- Age: Although RA can begin at any age, the possibility increases with age.
- Sex: Females are two to three times more likely to develop RA than males.
- Genetics: Some people inherit specific genes called human leukocyte antigen (HLA) class II genotypes that confer an increased risk of developing RA and experiencing more severe symptoms. Environmental factors, which include obesity and smoking, further increase these individuals’ risk of RA.
- Smoking: Smoking cigarettes increases the risk of developing RA and worsens disease severity.
- Early life exposures: Certain early life exposures may increase the risk of RA in adulthood. For example, children who had exposure to cigarette smoke when in the womb are twice as likely to develop RA.
- Obesity: Having excess body weight increases the risk of RA, with the risk correlating with the severity of obesity.
People who have breastfed infants may have a reduced risk of developing RA.
EORA occurs in individuals over the age of 65 years. Although early onset RA is more prominent in females, EORA has a more similar distribution between males and females.
Doctors often diagnose EORA earlier in the disease, and although it is frequently acute with symptoms coming on quickly, it is less erosive or damaging to the bones than early onset RA. Additionally, EORA often involves larger joints such as the shoulders rather than the small joints of the hands.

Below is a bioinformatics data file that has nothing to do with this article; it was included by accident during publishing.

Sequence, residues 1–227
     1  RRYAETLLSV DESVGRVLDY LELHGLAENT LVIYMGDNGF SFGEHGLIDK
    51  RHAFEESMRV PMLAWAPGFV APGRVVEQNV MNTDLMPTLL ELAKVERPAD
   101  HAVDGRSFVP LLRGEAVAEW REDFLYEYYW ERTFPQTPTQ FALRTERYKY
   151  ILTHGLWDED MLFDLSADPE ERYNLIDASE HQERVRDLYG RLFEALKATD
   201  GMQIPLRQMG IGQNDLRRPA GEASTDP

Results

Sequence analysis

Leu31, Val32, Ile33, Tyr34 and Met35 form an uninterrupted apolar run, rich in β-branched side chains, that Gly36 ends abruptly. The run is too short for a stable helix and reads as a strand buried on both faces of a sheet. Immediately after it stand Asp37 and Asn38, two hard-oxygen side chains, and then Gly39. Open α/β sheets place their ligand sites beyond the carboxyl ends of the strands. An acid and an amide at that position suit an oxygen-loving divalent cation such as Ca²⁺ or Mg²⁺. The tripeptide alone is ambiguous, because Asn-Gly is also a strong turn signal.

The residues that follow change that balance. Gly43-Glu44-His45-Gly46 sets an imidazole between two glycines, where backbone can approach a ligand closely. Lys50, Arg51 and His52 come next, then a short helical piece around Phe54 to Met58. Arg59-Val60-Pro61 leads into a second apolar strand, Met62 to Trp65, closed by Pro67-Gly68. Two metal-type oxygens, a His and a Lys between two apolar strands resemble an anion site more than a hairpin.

Among those with EORA, fewer individuals may test positive for rheumatoid factor (RF), an immune system protein that may attack healthy tissues. Overall, 80% and 60–70% of individuals with RA test positive for RF and cyclic citrullinated protein (CCP), respectively, according to the American College of Rheumatology.
The treatment for RA and EORA may differ. Treating young adults with RA typically involves disease-modifying antirheumatic drugs (DMARDs) and biologics. In comparison, doctors commonly treat those with EORA with lower dosages or less potent DMARDs, biologic medications, or both. Generally, they avoid corticosteroids for these individuals due to the long-term side effects.
The various ways that EORA presents can make it challenging for doctors to diagnose, and it requires different clinical and treatment approaches.
Juvenile idiopathic arthritis (JIA) is the type of arthritis that doctors most commonly diagnose in children and teenagers.
The term idiopathic means unknown, and it signifies a lack of knowledge about why some children develop JIA. Doctors speculate that children with JIA have specific genes that bacteria, viruses, or other external factors activate, but research is ongoing to confirm this theory.